OLD FOURTH WARD—Atlanta Housing’s board of commissioners made a decision this week that could finally set in motion a long-planned, long-sputtering redevelopment of the Boisfeuillet Jones Atlanta Civic Center, a strategically located, 19-acre property where Old Fourth Ward meets downtown, as Atlanta Civic Circle reports this week.

The housing authority selected a joint venture of New York-based Tishman Speyer and Atlanta’s H.J. Russel & Co. to transform the moldering property—empty since 2014—into a sort of mini city that hasn’t been clearly defined yet, except that some 1,300 new residences would be included (430 of those deemed “affordable” by AH standards). The next step involves finalizing a master development agreement and finding project financing before a timeline is established. The scope of this redevelopment would cover all but 5 acres at the site. 

An overview of the area's context, with the full 19-acre Civic Center property outlined in blue. Atlanta Housing

A job of this magnitude, so close to downtown, could help explain why Tishman Speyer didn’t exactly kick and scream when leaving a potential deal to redevelop 12-acre The Mall West End last year. The real estate giant—apparently champing at the bit to reenter the Atlanta development hustle—also has really tall ambitions for warehouse properties on the flipside of town that include the longstanding Compound nightclub.


CITYWIDE—Advocates for light rail around the ballyhooed BeltLine loop were dealt encouraging news this week—to an extent. 

In interviews with Saporta Report, both Atlanta Mayor Andre Dickens and Clyde Higgs, BeltLine president and CEO, said BeltLine rail remains a crucial part of the overall project—and mobility in the city—moving forward. Dickens said he’s “definitely committed” to seeing rails beside the paved multi-use path. Higgs called transit “a vital part of our DNA” and said the BeltLine will remain committed to that transportation mode unless a more compelling option is presented. Matthew Rao, BeltLine Rail Now’s chair, called Dickens’ input encouraging but added that MARTA’s inactivity when it comes to building rail projects outlined in the More MARTA program has been a disappointment in his grassroots agency’s eyes. Other cities, Rao noted, are using federal funding—more abundant now than ever, he said—to make “world-class transit” a reality.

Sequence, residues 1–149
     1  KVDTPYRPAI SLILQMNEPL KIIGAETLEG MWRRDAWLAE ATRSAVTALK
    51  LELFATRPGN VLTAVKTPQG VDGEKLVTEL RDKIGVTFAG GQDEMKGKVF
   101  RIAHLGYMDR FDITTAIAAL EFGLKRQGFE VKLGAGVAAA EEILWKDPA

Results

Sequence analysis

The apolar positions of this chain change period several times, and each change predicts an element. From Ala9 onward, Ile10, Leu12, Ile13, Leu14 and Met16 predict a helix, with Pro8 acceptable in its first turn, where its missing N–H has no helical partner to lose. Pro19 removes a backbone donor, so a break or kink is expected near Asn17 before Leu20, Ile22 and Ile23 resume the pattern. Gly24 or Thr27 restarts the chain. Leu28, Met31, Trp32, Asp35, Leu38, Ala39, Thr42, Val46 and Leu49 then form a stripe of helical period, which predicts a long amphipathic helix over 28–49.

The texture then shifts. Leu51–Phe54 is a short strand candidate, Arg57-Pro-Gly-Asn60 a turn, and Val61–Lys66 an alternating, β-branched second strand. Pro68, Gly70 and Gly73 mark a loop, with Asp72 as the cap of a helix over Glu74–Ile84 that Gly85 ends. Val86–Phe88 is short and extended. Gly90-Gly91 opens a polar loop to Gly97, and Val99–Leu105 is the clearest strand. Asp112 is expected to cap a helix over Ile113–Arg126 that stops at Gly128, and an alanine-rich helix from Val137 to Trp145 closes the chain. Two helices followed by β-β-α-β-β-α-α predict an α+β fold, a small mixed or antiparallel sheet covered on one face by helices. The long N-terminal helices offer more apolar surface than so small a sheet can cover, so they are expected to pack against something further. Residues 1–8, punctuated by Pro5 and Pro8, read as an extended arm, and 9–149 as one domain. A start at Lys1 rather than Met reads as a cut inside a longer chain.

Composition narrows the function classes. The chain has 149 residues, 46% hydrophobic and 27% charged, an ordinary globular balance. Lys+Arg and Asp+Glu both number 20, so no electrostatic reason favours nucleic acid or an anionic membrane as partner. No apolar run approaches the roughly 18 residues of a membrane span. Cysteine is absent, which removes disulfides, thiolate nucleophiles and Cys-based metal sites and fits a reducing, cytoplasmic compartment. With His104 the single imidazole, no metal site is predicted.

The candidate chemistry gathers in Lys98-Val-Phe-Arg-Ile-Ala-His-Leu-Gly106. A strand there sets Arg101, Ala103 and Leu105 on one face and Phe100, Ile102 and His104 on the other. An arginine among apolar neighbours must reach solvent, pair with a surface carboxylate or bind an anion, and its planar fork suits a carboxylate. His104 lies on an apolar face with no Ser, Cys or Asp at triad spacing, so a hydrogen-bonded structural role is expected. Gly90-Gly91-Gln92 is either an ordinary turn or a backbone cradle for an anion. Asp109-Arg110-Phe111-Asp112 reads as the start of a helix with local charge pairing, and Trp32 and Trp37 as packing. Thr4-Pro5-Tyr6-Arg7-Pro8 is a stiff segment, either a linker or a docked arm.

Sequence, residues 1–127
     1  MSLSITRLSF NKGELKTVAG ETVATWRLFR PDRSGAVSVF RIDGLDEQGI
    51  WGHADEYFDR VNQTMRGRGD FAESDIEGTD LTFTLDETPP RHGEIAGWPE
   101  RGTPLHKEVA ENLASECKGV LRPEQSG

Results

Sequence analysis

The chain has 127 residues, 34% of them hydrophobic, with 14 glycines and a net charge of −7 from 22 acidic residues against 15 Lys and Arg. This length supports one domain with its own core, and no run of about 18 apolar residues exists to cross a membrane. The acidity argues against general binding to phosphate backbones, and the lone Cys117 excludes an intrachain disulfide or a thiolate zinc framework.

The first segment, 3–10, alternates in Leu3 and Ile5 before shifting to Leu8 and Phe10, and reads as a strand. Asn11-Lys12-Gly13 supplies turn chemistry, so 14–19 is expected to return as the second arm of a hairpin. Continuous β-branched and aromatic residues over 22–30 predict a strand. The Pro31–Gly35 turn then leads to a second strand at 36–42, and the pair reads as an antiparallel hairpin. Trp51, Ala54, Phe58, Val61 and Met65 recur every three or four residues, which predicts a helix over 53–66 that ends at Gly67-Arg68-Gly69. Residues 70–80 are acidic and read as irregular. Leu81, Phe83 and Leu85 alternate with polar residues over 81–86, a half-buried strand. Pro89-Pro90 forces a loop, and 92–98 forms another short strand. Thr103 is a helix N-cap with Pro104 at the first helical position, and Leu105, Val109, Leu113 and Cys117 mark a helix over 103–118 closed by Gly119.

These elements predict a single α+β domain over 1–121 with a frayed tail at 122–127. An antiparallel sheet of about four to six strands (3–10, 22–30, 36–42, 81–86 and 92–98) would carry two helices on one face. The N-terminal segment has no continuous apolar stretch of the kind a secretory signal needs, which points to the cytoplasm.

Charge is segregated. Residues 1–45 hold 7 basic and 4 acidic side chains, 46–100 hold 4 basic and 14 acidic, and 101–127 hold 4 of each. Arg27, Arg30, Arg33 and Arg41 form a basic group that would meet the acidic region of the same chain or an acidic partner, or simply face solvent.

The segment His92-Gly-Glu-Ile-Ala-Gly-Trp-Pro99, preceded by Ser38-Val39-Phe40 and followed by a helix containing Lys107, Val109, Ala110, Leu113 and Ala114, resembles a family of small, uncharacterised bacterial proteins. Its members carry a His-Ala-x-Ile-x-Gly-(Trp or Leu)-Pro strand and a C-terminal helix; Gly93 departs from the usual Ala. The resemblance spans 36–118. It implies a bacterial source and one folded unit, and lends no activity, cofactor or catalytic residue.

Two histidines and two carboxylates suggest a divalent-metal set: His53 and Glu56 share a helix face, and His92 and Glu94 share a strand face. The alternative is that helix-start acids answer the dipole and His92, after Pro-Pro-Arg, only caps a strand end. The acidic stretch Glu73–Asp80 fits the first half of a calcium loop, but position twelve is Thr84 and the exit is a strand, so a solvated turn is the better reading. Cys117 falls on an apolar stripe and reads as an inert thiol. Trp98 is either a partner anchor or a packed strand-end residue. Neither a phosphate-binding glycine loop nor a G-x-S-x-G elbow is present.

How the trail and train might commingle in more forested BeltLine sections.Atlanta BeltLine Inc.

More MARTA half-penny sales taxes—approved by Atlanta voters six years ago—have been racking up roughly $70 million per year, or $400 million total, the website relayed. Nonetheless, action related to final designs and construction of rail in the BeltLine corridor has been molasses-slow. (In an interview last year, BeltLine Rail Now leadership told Urbanize Atlanta this era of federally funded opportunities and population growth has put Atlanta at a crossroads that can lead to either “tremendous rebirth or demographic meltdown.” In February, MARTA heads released a study that showed light-rail construction on the BeltLine could cost twice as much as previously estimated.


TUCKER—The AJC reports the Tucker Planning Commission likes the idea of converting an empty AT&T office building in the DeKalb County city into 200 apartments, following a national trend given the state of the office market. The mid-rise structure—built in 2001 at nine stories—is located about a half-mile from moribund Northlake Mall, which is undergoing renovations.

The commission unanimously voted in favor of the project this week; now it heads to the Tucker City Council for review in June. Involved in the adaptive-reuse deal are a subsidiary of SDM Partners (SDM Northlake), real estate firm JLL, and intown developer Third and Urban.